hose to reach from the nearest large
plug, and the plant is fed by pipes too
small to supply tho capacity of tho fire
engine on the ground. The incident will
delay new construction in the city and
on tho north suburban extension, beside
somewhat crippling the city service un
til new equipment Is secured.
FREED AFTER TWO
YEARS OF TRIALS
GOLDFIELD, February 3. After
three trials on a murder charge and n
long battle in the stato supremo court,
covering a period of two and a half
years, George Gibson, whose case has
attracted much attention because of in
fluential political fricaJs, was dismissed
today after the jury had disagreed after
eighteen hours deliberation. When the
jury had been discharged, Gibson was
told that he was a free man on one
condition the total abstinence from
liquor for three years. Gibson took
the pledge. Gibson is accused of killing
Richard Maunsell, a mining engineer,
in August, 1907.
PUTRID WATER TO
Bodies in Cheny Mine May
CHERRY, February 3. While the
work of clearing tho passage between
the main shaft and escape pit proceed
in the St. Paul mine, tho sanitary meth
ods of removing tho 1G" bodies from
the underground tunnels and disposing
of tho putrid water now in tho lower
levels was agreed on tonight by the
It was decided to pump tho seepage
from tho 500-foot level into a tank of
strong disinfectants, so that tho water
would bo harmless before forced to the
surface. Judging by tho body found
near tho air shaft, it is thought most
of tho corpses on tho second lovel are
Sheriff Skoaglund will send .deputies
to Cherry to prevent any outbreak.
FIFTEEN HUNDRED DOLLARS AND
FIFTEEN NEW MEMBERS RESULT
Within tho past three days, over $1,500 has been subscribed by business
houses of this city for tho support of tho chamber of commerse, as the result
of the determined effort of that body to effect at least a partial reorganiza
tion and form a commercial body full of lifo and determination that will bo a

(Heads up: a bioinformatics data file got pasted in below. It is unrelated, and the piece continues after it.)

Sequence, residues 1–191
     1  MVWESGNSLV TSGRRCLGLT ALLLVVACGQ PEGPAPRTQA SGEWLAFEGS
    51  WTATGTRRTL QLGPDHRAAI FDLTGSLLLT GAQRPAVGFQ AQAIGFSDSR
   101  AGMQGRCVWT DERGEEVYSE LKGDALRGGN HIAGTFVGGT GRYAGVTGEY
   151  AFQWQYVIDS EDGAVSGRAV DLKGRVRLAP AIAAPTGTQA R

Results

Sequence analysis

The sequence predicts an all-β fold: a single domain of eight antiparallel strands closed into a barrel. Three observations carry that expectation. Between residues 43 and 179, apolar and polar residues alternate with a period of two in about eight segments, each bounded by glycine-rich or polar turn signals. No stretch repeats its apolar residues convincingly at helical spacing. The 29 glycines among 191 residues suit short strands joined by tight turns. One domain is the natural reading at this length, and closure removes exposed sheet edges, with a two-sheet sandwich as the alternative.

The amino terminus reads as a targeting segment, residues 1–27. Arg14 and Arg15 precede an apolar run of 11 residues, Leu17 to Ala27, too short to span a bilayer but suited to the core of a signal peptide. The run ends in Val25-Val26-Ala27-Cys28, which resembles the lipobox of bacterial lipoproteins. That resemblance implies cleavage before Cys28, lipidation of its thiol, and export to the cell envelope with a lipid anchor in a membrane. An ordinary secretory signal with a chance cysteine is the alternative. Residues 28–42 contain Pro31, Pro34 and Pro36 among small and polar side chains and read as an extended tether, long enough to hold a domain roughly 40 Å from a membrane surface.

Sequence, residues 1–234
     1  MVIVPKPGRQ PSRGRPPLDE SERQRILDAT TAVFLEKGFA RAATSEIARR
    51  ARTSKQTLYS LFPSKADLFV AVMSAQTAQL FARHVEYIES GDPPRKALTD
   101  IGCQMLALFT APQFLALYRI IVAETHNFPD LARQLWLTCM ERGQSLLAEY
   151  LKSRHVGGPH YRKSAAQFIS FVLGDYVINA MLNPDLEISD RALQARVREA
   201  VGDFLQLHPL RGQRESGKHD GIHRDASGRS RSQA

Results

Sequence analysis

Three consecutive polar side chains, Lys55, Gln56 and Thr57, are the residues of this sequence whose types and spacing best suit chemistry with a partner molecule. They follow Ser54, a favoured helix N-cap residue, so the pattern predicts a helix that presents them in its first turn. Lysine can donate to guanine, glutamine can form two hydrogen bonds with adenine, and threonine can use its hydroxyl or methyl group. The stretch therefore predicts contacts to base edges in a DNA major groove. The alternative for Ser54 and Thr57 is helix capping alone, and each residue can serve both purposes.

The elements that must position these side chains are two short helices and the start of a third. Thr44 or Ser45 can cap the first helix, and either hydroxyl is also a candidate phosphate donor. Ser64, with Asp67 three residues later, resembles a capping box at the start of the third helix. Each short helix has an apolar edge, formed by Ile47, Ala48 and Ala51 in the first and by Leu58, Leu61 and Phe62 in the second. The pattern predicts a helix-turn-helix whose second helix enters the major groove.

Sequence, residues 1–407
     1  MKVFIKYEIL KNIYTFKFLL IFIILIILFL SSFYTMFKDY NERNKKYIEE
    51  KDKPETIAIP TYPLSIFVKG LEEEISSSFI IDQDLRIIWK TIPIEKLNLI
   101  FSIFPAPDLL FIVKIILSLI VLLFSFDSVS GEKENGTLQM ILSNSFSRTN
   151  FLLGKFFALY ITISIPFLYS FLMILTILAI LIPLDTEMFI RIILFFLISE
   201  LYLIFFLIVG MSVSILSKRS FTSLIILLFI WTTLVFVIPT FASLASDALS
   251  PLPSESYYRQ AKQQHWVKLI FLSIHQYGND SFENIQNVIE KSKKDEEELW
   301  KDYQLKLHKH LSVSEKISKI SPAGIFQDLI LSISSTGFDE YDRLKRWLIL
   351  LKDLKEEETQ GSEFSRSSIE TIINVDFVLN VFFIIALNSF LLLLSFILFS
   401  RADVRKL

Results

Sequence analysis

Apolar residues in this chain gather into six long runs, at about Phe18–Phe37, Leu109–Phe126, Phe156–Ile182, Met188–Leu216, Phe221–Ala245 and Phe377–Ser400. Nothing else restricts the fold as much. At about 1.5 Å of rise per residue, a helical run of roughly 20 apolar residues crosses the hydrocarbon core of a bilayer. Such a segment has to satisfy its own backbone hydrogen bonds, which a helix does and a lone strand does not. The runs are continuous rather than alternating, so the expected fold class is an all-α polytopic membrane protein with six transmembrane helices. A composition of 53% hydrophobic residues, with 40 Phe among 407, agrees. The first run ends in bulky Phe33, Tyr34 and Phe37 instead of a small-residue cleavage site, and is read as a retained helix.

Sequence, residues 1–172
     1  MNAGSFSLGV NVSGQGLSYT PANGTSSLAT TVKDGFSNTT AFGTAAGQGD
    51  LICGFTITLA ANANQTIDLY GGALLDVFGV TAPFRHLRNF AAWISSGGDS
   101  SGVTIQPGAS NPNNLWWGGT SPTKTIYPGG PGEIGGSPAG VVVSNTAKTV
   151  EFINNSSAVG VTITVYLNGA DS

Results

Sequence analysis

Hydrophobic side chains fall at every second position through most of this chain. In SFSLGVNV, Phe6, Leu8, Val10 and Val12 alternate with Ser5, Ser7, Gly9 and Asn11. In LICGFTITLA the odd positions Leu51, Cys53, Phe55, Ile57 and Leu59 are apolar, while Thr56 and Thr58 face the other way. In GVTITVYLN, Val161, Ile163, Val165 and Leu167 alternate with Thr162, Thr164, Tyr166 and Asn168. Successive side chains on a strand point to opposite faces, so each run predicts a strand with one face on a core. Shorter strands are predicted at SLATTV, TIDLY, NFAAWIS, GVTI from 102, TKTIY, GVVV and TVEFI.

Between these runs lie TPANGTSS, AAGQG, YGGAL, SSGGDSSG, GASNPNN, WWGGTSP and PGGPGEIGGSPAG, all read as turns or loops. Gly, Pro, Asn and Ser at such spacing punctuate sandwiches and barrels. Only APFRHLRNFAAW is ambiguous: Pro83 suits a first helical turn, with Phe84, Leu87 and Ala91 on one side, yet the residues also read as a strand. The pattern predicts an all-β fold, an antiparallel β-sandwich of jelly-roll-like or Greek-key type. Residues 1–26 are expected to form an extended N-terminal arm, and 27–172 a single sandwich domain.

big boosting factor for Globo and tho Globo district.
Secretary Eohrabacker has started a-canvass of all of tub business firms
of this city, to secure a large reserve fund to finance the chamber and that he
Is meeting with much success is shown by tho amount of money that has al
roady been pledged.
In addition, Mr. Rohrabacker has secured, jduring the same time, fifteen
new members, who have been attracted to tho organization since it has been
placed on a now footing.
Tho interest which has been taken in this organization is gratifying and a
large increase in membership and in the
bo shown within a short time, '
Find He Shot Jack Lh in
Order to Protect LivV,
01 ftcii ana utiiers
LANE DRUNK AND
ON WILD RAMPAGE
Slayer Well Known as Maa
With Reputation for
Supervisor W. C. Colcord was com-'
pletely exonerated for the killing of
Jack Lane, as the result of an investi
gation of the affair by a coroner's jury.
The jury made a tnorough -investigation
of the affair, taking into consider
ation all of the facts surrounding the
killing. All of the evidence pointed
to the fact that Colcord had acted in
self defense, after having first been
fired upon and as the result, a verdict of
justifiable homicide was returned by
the coroner's jury.
As tho result of this action it is
hardly likely that the matter will be
brought into the courts. The unani-i
mous verdict of the coroner's jury is,
in tho opinion of the public, sufficient
evidenco to show that Supervisor Col
cord was entirely justified in taking,
the life of Lane.
fThe body of the dead man has been
buried and the shooting affair, so far
as the people of Payson are concerned,
is a closed incident.
Lano was shot and instantly killed
last Sunday afternoon after he had cre
ated a disturbance on the streets of
Payson and had fired his revolver pro
miscuously half a dozen times.
He rode into Payson on a horse, some
what under the influence of liquor. Is'
entering thejown, he nearly ran down
a number of children who were playing
in the street. Stopping at a saloon, ho
secured several more drinks and, re
mounting his horse, ho raced through
the same gathering of children, again
nearly injuring some of the youngsters.
When tho children were asked, by
Mrs. Stevens, to come into the house,
Lane jeered at her and began firing a
revolver. He was warned to cease the
disturhjinco but look no heed of the
Supervisor Colcord heard the distur
bance and approached Lane, asking him
to cease firing. With an oath, Lane
fired at Colcord from his drawn revol
ver. The shot went wild and to protect
his own life and the lives of others,
Colcord drew his own revolver, a Leu
gcr, and fired four shots in rapid suc
cession. Two bullets took effect, one
through the heart and the other through
tho head, causing almost instant death.
Colcord has the reputation of being
one of the most tractable men in tho
entire Payson district and it was gener
ally believed, even before the details
of tho shooting wero known, that he
shot only with great provocation.
District Attorney Walter Shufe and
Sheriff Henry Thompson were at tho in
quest, at which Colcord was exonerated,
and they will return to Globe within a
ST. PAUL, February 3. With a view
of reopening negotiations with the rail
roads and having the state railroad com
mission act as mediator, representatives
of tho railway branch of tho American
Federation of Labor today conferred
with Governor Eberhart regarding the
switchmen's )strik;c. Tho governor
promised to tako the matter Up with .
tho railroad commission.
financial strength of tho chamber will